If you don’t want to hear Cecile Richards’s opinion, don’t ask. After a lifetime of working to protect the rights of the downtrodden and disenfranchised, she has earned the platform to speak her mind. And in her new memoir, Make Trouble, the departing president of Planned Parenthood wants to send a clear message to a younger generation of activists: go for it, but don’t expect it to be easy.
All over the country young women are confronting senators at town halls, building networks through shared stories, marching for change, even, Richards writes, “risking arrest to stand up for the rights of immigrants” and “turning their life upside down to run for office.” She is heartened by their work, though she knows that taking such risks entails fear. “If you’re not scaring yourself,” Richards writes, “you’re probably not doing enough.”
For Richards, politics is the family business. Long before her mother, Ann Richards, rose through the Texas Democratic Party to become governor, Richards and her siblings were immersed in politics. Her father worked for John F. Kennedy’s Justice Department and devoted his law career to labor and civil rights. When Richards was sixteen, her mother joined the campaign of Sarah Weddington, an Austin lawyer who parlayed her successful Supreme Court arguments in Roe v. Wade into a seat in the Texas Legislature. Ann, a novice to electoral politics, dragged her children to headquarters in the evenings, enabling them to “refine” their grass-roots campaign skills.
Among the most quotable politicians in Texas history, Ann taught her daughter the value of politics through her own actions: “Children learn not from what you tell them,” Richards writes, “but from what they see you do, how you spend your days and what you do with your life.”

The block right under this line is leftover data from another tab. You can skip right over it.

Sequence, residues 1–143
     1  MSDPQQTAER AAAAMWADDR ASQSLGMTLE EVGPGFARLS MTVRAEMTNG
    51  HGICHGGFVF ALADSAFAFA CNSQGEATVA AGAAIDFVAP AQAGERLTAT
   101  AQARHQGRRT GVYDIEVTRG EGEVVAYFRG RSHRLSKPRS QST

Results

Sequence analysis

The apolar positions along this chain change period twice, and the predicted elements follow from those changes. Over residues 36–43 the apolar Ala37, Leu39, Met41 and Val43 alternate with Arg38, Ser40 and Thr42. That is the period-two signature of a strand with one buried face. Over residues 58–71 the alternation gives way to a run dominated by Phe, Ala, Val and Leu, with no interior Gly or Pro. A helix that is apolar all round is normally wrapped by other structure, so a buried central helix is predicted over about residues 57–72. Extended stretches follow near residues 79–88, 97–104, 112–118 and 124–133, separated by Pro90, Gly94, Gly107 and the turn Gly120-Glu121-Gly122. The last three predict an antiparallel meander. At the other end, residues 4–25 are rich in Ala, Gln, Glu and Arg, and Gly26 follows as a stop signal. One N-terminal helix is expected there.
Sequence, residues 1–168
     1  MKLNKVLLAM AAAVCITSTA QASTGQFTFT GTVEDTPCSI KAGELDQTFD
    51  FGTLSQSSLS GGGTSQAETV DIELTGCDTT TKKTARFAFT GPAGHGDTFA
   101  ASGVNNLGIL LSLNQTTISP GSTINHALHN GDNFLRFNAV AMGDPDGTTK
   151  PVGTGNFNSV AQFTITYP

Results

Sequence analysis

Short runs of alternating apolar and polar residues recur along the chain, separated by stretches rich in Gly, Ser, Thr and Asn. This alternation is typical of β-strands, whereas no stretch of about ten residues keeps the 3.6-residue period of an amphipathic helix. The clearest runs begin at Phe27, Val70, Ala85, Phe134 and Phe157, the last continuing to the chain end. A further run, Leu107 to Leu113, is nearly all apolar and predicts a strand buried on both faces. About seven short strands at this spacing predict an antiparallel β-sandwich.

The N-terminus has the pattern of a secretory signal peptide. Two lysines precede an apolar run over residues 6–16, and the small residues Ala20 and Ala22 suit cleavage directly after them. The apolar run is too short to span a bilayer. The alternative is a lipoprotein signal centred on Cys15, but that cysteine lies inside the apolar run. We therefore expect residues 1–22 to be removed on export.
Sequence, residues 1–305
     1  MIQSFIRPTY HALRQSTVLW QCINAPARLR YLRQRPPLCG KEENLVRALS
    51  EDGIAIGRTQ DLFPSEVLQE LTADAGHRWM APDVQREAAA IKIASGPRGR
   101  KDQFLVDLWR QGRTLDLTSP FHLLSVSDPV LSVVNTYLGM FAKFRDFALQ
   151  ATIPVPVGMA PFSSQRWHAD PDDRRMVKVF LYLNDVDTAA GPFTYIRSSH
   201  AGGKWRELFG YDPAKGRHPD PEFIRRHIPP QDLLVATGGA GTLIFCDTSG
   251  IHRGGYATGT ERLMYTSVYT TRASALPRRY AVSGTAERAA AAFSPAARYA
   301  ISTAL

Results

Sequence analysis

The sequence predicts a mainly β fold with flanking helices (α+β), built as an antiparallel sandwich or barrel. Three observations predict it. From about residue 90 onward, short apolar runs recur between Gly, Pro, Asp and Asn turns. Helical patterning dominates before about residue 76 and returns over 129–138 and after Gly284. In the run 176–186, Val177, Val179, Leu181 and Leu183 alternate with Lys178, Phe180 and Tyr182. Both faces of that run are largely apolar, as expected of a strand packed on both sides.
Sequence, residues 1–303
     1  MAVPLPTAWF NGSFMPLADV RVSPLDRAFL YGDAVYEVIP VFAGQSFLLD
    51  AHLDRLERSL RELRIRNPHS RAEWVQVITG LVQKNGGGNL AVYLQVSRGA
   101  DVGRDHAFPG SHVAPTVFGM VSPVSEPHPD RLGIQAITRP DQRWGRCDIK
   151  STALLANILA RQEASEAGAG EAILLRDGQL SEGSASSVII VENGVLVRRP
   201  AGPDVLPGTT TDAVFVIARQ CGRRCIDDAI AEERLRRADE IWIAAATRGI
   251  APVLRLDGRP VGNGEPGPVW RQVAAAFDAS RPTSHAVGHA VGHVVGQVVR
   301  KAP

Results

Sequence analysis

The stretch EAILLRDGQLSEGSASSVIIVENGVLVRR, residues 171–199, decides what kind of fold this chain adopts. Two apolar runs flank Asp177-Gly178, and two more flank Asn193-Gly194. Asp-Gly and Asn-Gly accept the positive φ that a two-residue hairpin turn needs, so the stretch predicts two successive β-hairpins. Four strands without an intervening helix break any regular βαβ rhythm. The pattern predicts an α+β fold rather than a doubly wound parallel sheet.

In seventh grade, Richards became a firebrand herself when she wore an armband to protest the war in Vietnam. In the five decades since, she has remained committed to questioning authority and organizing like-minded people to push for change. Readers who know Richards exclusively from her tenure at Planned Parenthood will be fascinated by her account of her college years at Brown University, where she helped coordinate support for striking janitors and librarians, and her early years spent organizing unions for workers at New Orleans hotels and East Texas garment factories. The victories in these campaigns brought slightly higher wages, but, for the women who toiled in the shadows, “respect and recognition” was the real triumph. “Their boss had to sit across the table from them as equals and talk about wages and working conditions,” Richards recalls, “and that had never happened before.”
Throughout Make Trouble, Richards pays homage to the “troublemakers” who came before her, women who challenged the good-ol’-boy lock on political power. “If there’s one common theme that runs throughout my life, it’s strong, kick-ass women,” she writes.
She devotes a long episode to Nancy Pelosi, the California congresswoman whose staff Richards joined in 2002. When Pelosi was elected speaker of the House of Representatives, President George W. Bush invited her, along with the other top-ranking Congressional leaders, to a meeting at the White House. “I realized that it was the very first time a woman had ever been at this table,” Pelosi told Richards. “It was as if women from throughout history … were there with me. And all around me, I felt their presence.”
Ann Richards died in 2006, but Richards continued to recall her mother’s wisdom in times of trouble, notably Ann Richards’s famous response to a question about what she would have done differently if she had known she was going to be a one-term governor. “Oh, I probably would have raised more hell.” In Make Trouble, as in her long career as an activist, Cecile Richards makes the case that raising hell to stop injustice is a glorious way to live a life.
Sean Kinch grew up in Austin and attended Stanford. He earned a Ph.D. from the University of Texas. He now teaches English at Montgomery Bell Academy in Nashville.